The Lion, the Witch and the Wardrobe

I’ve been noticing something lately about time in SL. There have been periods of time when I’ve been too busy or too distracted in RL to spend much time in SL. (Friends should be assured that I always come back.) It’s as though SL time has been on hold but, when I return, I feel guilty for having neglected my friends so much because so much SL time has passed, even though very little has in RL.

Equally, if I spend a lot of time in SL over a weekend, in just a few days I can feel like months of SL time has passed.

Anyone remember how, when the children return to Narnia – minus Susan who has fallen to the vices of tights and lipstick! – hundreds of years have passed and their kingdom is all changed?

Maybe I should have entitled this post “time in Elfland”, on reflection.

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State of the metaverse

Reliability seems to be the issue at present. I remember well how unreliable SL was for much of 2007/8, and I shudder to think what it was like earlier – I must ask my friend who has a 2005 avatar. But of course it was always running on production servers, which distinguishes it from many of the OpenSim grids, the biggest of which are OSGrid (nothing to do with the British Ordnance Survey maps) and DeepGrid. Despite legions of dedicated developers, technical functionality is light years ahead of practical reliability because these ventures remain largely, if not entirely, unfunded. This should not detract at all from the nobility of the aim of bringing the open source metaverse to everyone.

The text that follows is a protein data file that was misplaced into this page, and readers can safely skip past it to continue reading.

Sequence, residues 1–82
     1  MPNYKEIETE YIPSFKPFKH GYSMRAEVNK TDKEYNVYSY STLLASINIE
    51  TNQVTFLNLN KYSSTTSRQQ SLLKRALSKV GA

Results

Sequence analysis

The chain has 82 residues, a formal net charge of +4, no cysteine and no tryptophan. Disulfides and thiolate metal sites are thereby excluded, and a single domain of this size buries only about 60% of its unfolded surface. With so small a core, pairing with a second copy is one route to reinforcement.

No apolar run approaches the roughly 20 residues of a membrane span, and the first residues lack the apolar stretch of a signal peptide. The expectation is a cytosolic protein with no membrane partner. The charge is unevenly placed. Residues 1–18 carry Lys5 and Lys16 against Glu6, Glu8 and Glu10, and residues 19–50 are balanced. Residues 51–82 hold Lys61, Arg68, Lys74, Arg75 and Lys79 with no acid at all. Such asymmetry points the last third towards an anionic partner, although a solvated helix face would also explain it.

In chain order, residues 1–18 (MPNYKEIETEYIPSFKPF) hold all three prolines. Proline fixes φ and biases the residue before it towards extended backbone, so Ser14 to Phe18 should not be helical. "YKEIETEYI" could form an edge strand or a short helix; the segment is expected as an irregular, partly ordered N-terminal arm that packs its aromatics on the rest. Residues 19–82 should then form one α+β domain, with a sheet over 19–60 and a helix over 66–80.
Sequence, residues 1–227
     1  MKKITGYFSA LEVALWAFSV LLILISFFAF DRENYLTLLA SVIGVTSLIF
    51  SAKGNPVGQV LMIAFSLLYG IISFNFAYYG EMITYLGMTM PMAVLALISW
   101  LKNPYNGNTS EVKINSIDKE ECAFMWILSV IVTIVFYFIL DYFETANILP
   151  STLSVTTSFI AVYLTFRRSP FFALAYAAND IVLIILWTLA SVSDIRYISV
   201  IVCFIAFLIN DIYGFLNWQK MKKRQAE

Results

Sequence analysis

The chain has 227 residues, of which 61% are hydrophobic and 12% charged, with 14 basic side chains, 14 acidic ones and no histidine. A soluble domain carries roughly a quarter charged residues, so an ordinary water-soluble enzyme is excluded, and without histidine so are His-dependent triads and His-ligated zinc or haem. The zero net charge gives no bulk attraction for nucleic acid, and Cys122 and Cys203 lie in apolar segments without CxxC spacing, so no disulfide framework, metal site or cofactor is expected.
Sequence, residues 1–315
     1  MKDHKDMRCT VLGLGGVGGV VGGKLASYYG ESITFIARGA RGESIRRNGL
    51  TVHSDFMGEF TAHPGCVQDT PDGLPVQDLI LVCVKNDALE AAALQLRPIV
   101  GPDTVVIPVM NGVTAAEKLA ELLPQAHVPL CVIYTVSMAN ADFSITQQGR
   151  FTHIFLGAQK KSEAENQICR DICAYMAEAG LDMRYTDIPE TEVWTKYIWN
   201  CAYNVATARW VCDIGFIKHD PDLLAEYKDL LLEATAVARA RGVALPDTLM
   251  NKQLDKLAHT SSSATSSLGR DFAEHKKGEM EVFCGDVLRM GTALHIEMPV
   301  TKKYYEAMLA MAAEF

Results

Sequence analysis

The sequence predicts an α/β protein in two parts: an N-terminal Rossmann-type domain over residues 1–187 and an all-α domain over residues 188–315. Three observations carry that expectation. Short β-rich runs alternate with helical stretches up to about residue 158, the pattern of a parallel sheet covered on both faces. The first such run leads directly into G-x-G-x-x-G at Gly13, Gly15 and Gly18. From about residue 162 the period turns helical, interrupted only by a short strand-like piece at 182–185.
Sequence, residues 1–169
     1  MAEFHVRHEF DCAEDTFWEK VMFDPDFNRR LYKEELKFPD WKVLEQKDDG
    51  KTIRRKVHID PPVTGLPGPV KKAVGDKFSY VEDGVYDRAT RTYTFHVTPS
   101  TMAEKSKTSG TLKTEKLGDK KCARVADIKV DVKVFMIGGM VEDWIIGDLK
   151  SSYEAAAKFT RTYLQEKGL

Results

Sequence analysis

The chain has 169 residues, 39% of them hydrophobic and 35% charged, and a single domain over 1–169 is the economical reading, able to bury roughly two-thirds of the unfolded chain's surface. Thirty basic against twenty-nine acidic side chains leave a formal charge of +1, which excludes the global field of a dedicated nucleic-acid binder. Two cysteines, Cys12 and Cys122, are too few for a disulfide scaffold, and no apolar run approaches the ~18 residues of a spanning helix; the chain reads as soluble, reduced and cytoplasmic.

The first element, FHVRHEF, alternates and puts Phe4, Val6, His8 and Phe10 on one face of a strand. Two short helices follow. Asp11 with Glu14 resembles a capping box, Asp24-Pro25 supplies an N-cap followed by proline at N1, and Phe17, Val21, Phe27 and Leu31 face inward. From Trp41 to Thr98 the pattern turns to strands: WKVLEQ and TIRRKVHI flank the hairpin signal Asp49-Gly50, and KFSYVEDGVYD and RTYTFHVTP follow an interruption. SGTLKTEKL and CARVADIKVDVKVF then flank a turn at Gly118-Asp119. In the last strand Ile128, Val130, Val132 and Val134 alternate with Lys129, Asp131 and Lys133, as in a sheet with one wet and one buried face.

Some open source endeavours have created a viable business model and I see no reason why the OpenSim grids should not do so in future. This is the real challenge facing these developers. It will not be long before their metaverse is technically superior to SL – in fact, in some respects, it already is. (You can already host your own server on your desktop, if you so wish, and link it to a public grid.) But today I have not been able to login to either of these two grids for more than a few seconds, despite many attempts. LL have a service oriented approach that they lacked in the early days, but this is essential to their success. In some ways they are still lacking, but this element will be vital if residents are to be tempted away from SL to OpenSim grids.

It almost doesn’t matter which grid these residents go to, since HyperGrid enables all but the “walled gardens” such as SL and OpenLife to be joined together with distributed asset servers. RealXtend can bring some of the visual glitz that SL lacks compared to impressive but fundamentally boring online games, and soon it will be available to be overlaid on top of OpenSim, following their recent co-operation. There are DRM issues to be resolved, of course. But it does matter that these grids must be much more reliable than they are at present. The average user does want amazing new technology – but only if it is good, and only if it is reliable and they don’t have to worry about it every time they log on.